The first iterations of Yahoo! did not do any web crawling, but instead relied on results collated by other providers such as Google and Inktomi, with the search results then being displayed alongside Yahoo! branding material.
Yahoo! did not create its own algorithm for crawling sites until 2004, which it dubbed as Yahoo! Slurp and on-sold the technology to other search websites. From 2009 the Yahoo! search results have been powered entirely by Bing.
Top 3 Australian Directories
Search engines have been making progress at phasing out backlinks to establish a website’s importance, a practice which has lead to a gradual decline in a directory’s ability to improve a website’s search engine ranking.
However, this does not mean that directories are entirely powerless when used as part of a marketing strategy. Users who are unsure about what phrase to type into a search engine may consider using a specific directory as an alternative to finding out what they need to know.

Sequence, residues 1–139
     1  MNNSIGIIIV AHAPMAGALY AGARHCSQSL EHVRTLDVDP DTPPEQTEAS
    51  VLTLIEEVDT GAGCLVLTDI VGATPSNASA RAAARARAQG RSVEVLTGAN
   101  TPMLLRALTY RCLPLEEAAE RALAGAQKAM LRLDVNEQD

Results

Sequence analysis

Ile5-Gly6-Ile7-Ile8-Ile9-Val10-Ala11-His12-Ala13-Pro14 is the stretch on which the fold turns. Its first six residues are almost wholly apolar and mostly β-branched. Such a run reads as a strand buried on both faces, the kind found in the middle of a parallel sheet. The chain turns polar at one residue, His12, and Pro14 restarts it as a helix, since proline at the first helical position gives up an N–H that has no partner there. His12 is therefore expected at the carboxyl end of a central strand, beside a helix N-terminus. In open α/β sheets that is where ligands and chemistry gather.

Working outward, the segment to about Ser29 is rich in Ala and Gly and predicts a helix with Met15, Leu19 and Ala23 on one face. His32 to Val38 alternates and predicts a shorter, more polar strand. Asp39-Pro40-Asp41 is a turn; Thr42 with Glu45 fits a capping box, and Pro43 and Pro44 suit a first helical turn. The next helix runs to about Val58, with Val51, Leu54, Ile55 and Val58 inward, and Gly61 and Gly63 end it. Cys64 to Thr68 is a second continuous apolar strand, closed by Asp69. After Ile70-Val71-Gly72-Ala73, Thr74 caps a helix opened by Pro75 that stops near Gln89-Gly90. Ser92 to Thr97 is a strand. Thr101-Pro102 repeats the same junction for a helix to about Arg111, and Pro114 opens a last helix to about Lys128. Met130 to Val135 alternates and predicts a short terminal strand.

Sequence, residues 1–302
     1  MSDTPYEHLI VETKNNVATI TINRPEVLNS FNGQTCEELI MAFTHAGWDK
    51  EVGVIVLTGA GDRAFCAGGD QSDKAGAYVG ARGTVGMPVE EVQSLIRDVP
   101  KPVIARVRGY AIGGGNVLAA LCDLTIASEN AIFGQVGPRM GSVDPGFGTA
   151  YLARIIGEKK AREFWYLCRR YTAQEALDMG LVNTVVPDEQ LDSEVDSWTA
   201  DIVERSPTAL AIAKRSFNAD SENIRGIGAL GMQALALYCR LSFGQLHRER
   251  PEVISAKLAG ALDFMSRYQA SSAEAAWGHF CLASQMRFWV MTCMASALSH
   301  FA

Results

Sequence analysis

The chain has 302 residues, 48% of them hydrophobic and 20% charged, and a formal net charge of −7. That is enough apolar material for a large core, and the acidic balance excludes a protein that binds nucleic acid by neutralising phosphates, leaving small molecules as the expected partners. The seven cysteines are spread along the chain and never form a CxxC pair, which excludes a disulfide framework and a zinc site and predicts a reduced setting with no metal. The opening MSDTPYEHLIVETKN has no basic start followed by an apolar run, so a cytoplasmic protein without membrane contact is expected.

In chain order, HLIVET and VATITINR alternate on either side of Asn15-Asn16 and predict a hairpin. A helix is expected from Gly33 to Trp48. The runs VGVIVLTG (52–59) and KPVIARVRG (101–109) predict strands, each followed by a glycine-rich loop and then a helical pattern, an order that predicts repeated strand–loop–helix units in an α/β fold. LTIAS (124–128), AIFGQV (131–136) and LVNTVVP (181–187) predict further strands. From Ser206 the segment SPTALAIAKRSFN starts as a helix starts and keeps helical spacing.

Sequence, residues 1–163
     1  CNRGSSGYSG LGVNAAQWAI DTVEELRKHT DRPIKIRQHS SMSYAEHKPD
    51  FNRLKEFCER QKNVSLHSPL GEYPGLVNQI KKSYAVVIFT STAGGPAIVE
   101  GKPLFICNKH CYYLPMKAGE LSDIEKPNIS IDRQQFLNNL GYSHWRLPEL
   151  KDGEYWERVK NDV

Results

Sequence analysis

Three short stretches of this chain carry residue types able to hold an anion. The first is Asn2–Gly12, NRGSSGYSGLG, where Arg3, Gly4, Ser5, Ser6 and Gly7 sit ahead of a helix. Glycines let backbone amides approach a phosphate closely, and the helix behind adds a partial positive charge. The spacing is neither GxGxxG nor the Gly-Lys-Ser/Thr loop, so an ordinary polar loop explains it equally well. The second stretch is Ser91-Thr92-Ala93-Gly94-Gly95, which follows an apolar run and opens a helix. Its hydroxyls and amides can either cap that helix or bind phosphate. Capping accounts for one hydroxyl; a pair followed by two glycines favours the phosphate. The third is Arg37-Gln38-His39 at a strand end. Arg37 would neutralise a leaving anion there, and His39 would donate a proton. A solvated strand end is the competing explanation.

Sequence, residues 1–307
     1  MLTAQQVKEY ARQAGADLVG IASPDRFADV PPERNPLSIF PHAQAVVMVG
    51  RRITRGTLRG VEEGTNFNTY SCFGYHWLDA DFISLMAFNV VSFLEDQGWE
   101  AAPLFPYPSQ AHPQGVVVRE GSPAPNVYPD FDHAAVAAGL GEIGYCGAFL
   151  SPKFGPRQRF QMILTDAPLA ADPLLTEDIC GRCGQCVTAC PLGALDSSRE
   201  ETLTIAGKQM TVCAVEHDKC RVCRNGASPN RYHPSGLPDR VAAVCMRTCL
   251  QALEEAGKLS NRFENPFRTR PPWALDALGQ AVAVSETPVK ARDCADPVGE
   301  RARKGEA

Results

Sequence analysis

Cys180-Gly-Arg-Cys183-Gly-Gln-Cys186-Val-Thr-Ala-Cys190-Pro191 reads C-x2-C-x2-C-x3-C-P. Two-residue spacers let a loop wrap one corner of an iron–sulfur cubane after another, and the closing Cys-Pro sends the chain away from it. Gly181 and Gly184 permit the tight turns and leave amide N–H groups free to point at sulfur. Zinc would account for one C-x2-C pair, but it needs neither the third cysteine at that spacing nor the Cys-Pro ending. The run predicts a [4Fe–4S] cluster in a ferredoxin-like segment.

1. Yellow Pages
Yellow Pages has transitioned from a purely physical advertising medium to enjoying a prominent online presence that should not be ignored if you are looking to cover every avenue in your online marketing strategy. The Yellow Pages website currently receives over 9 million visitors per month, which result in more than 1 million phone calls.
Truelocal is a famous Australian directory receiving 3.1 million visitors per month with 73% of visitors using the site to read reviews about local businesses before making a purchasing decision. There are also 1.1 million searches performed on the site directly every month.
Like Truelocal, Yelp is a directory service which also gives customers a chance to review their experience with a business. According to Yelp’s website, their traffic levels currently consists of 30 million unique visits using their mobile app, 70 million unique visits via mobile web, and 74 million unique desktop visitors per quarter.
The above are currently the top 3 directories for Australian local businesses ranked according to Google traffic. There are many more directories to consider which can help to increase market reach, with the following directories all listed in order of the Google traffic they receive (as of 2021).